Projected growth in US-made solar panels and semiconductor chips leads to increased sales of k-Space metrology solutions Recent passage of both the CHIPS & Science Act and the Inflation Reduction Act is driving an uptick in sales and opportunities for k-Space, the US-based maker of advanced metrology tools. Both solar panel companies and semiconductor chip makers use k-Space tools to monitor production, uncover potential defects, inspect finished products, and minimize returns.
The Department of Energy’s Oak Ridge National Laboratory has been selected to lead an Energy Frontier Research Center, or EFRC, focused on polymer electrolytes for next-generation energy storage devices such as fuel cells and solid-state electric vehicle batteries. Announced recently by U.S. Energy Secretary Jennifer Granholm, the award will provide $11.5 million over four years to the new ORNL-led EFRC for Fast and Cooperative Ion Transport in Polymer-Based Electrolytes, or FaCT.
Solar panels, also known as photovoltaics, rely on semiconductor devices, or solar cells, to convert energy from the sun into electricity. To generate electricity, solar cells need an electric field to separate positive charges from negative charges. To get this field, manufacturers typically dope the solar cell with chemicals so that one layer of the device bears a positive charge and another layer a negative charge. This multilayered design ensures that electrons flow from the negative side of a device to the positive side – a key factor in device stability and performance. But chemical doping and layered synthesis also add extra costly steps in solar cell manufacturing.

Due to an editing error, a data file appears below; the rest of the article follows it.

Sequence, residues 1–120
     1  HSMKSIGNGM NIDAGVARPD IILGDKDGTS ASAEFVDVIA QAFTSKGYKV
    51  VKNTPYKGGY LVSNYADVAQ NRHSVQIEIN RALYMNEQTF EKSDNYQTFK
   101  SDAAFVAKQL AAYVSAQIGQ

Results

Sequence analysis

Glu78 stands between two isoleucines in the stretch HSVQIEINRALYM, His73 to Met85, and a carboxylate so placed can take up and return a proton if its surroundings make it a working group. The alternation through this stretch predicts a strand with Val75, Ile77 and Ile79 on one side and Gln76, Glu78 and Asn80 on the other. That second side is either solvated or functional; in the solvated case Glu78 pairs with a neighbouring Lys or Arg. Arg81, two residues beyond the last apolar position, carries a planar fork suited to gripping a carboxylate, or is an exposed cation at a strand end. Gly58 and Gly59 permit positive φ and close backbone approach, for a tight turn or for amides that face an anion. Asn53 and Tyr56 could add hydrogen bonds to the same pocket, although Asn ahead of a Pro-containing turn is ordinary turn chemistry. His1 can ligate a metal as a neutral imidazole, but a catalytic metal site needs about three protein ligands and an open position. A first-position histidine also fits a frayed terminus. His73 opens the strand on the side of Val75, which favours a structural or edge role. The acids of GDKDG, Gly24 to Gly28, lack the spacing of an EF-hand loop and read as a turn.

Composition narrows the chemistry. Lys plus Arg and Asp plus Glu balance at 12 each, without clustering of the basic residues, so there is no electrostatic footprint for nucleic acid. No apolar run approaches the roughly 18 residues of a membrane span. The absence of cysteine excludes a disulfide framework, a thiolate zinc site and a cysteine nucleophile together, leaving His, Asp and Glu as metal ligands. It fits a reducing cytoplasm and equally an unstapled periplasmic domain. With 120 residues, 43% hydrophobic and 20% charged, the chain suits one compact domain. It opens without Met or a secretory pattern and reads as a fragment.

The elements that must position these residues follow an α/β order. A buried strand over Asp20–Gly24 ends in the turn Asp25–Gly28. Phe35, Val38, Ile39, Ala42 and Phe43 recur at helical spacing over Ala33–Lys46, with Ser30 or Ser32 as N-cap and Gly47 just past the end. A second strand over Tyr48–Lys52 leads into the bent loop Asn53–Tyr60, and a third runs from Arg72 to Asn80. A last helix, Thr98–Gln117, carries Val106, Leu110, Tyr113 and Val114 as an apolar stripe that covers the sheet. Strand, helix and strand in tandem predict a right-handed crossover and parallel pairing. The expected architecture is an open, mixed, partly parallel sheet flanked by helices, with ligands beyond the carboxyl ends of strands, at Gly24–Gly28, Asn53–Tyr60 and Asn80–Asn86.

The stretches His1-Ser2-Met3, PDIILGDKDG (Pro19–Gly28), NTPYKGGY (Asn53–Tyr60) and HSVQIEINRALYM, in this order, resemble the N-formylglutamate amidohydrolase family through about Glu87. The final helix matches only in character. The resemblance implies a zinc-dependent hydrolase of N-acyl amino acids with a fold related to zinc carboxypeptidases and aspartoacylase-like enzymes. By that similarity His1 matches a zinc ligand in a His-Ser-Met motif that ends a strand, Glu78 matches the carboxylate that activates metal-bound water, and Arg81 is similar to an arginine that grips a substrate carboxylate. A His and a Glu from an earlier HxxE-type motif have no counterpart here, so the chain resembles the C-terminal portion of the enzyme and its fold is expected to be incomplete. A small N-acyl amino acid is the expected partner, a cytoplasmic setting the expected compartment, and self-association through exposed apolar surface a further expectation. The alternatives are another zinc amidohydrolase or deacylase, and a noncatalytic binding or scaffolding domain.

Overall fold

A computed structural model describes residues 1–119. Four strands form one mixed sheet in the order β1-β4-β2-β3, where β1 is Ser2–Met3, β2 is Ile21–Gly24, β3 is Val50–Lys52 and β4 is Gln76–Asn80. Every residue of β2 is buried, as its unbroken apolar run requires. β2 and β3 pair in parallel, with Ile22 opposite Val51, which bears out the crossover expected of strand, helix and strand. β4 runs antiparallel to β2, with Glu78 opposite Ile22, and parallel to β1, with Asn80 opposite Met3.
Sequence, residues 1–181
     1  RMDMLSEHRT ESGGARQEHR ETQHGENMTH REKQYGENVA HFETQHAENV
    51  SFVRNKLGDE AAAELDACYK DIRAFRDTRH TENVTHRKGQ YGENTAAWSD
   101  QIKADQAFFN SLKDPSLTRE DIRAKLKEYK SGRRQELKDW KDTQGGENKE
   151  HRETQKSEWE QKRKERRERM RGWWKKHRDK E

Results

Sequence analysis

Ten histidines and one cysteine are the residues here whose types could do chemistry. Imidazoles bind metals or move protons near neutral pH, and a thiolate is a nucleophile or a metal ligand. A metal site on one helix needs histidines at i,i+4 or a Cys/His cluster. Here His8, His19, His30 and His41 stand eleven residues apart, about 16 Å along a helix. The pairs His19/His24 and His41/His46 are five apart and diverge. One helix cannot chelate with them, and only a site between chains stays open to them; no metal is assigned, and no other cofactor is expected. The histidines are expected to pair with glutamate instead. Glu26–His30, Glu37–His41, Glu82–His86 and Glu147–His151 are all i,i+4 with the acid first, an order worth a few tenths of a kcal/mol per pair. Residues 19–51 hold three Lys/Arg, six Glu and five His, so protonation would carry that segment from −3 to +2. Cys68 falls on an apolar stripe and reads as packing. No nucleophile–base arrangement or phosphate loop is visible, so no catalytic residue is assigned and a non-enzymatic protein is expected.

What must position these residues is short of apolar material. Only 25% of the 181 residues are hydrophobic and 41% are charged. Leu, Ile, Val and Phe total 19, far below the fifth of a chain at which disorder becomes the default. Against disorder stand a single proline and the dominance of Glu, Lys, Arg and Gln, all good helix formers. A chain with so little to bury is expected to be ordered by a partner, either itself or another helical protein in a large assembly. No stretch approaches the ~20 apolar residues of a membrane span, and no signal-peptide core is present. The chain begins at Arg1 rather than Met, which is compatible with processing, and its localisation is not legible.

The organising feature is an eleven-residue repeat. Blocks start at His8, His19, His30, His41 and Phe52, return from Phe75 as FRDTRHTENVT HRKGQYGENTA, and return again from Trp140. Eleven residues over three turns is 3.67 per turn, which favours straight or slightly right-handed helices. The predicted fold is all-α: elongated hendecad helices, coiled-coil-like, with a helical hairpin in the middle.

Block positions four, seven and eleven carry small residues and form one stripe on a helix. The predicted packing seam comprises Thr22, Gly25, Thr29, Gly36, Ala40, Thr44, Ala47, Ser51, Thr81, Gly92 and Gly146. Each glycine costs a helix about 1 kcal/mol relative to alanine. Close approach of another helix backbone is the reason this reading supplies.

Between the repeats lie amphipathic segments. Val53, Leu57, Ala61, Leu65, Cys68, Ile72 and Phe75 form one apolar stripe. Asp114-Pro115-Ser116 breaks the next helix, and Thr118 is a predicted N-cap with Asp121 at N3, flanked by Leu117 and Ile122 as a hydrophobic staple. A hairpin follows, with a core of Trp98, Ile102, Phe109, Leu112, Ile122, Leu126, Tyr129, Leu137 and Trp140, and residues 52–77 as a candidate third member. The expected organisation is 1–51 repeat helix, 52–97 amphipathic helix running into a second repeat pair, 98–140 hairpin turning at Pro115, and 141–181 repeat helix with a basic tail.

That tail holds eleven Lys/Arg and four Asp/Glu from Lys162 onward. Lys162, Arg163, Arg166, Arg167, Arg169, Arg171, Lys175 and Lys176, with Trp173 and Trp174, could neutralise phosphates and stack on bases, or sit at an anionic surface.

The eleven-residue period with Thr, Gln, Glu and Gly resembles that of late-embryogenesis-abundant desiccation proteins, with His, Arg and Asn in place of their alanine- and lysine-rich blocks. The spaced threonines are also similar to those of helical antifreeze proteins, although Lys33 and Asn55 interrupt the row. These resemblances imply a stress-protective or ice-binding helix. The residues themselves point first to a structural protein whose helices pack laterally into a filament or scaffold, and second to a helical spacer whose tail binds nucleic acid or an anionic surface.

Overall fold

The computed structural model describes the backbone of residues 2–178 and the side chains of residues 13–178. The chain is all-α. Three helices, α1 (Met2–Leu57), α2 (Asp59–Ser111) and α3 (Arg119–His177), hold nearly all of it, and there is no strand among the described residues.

Oak Ridge National Laboratory researchers demonstrated that an electrochemical sensor paired with a transmitter not only detects propane leaks within seconds, but it can also send a signal to alert emergency services. Propane is an alternative refrigerant that has low global warming potential. However, because of its flammability risk, it is not widely used commercially in the United States. To mitigate concerns, researchers attached a transmitter to an off-the-shelf sensor and developed a computer program that monitors the signal, self-checking every few seconds.
Since 2000 Vacuum Technology & Coating Magazine has been the industry's leading source for the latest articles, news, and product and service information. Below we describe some of the terms that you will find in a typical issue of VT&C.
Vacuum Coating (Vacuum Deposition and Thin Film Deposition) is the process of depositing a film or other material atom by atom or molecule by molecule onto a surface in a low pressure environment or vacuum.
Physical Vapor Deposition or PVD refers to vacuum deposition methods which involve the material (which is being deposited) going from a condensed phase to a vapor phase and then to a thin film condensed phase. Sputtering and evaporation are common PVD processes.
Sputtering refers to a type of process used to deposit thin films and employs a plasma to bombard and eject atoms from a target source.
Evaporation refers to the heated source material being evaporated in a vacuum. Vacuum allows vapor particles to travel directly to the target object, where they condense back to a solid state. (called a Deposition Source) refers to a type of process used to deposit thin films and employs a plasma to bombard and eject atoms from the target source (called a Deposition Source).
Vacuum Hardware refers to the types of hardware and components that are used in the vacuum process. There are many types of hardware used in this process, some examples are flanges, fittings, seals, valves, and chambers.
Thin Film Metrology involves determining the optimal thickness, composition and/or condition of a coating through various techniques and mathematical calculations.
Gas Analytical Systems are used in the analysis of residual gases within a low pressure environment or vacuum.
Vacuum Pumps are devices that remove gas atoms and molecules for the purpose of leaving behind a partial vacuum. Some examples of types of vacuum pumps are rotary vane pumps, diaphragm pumps, and scroll pumps.
Every issue of VT&C includes a product showcase focused on a specific topic relevant to Vacuum Processing, please see our editorial calendar which lists the topic for each issue.